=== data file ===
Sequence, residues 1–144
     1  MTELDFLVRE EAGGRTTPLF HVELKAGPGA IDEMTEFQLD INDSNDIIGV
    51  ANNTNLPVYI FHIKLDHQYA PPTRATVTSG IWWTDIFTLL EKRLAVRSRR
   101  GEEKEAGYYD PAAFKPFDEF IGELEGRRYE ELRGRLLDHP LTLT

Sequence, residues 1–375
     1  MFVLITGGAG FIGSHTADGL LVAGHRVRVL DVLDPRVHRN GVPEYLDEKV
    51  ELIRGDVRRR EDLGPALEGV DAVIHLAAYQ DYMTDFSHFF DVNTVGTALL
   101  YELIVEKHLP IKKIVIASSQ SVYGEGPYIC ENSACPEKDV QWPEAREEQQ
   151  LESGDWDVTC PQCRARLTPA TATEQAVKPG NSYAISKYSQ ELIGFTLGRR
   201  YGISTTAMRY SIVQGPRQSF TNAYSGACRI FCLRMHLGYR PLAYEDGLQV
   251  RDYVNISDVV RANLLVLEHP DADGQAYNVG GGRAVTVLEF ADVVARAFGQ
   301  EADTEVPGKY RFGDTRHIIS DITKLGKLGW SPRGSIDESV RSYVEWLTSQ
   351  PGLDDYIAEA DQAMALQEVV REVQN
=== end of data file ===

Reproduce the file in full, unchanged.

Sequence, residues 1–144
     1  MTELDFLVRE EAGGRTTPLF HVELKAGPGA IDEMTEFQLD INDSNDIIGV
    51  ANNTNLPVYI FHIKLDHQYA PPTRATVTSG IWWTDIFTLL EKRLAVRSRR
   101  GEEKEAGYYD PAAFKPFDEF IGELEGRRYE ELRGRLLDHP LTLT

Sequence, residues 1–375
     1  MFVLITGGAG FIGSHTADGL LVAGHRVRVL DVLDPRVHRN GVPEYLDEKV
    51  ELIRGDVRRR EDLGPALEGV DAVIHLAAYQ DYMTDFSHFF DVNTVGTALL
   101  YELIVEKHLP IKKIVIASSQ SVYGEGPYIC ENSACPEKDV QWPEAREEQQ
   151  LESGDWDVTC PQCRARLTPA TATEQAVKPG NSYAISKYSQ ELIGFTLGRR
   201  YGISTTAMRY SIVQGPRQSF TNAYSGACRI FCLRMHLGYR PLAYEDGLQV
   251  RDYVNISDVV RANLLVLEHP DADGQAYNVG GGRAVTVLEF ADVVARAFGQ
   301  EADTEVPGKY RFGDTRHIIS DITKLGKLGW SPRGSIDESV RSYVEWLTSQ
   351  PGLDDYIAEA DQAMALQEVV REVQN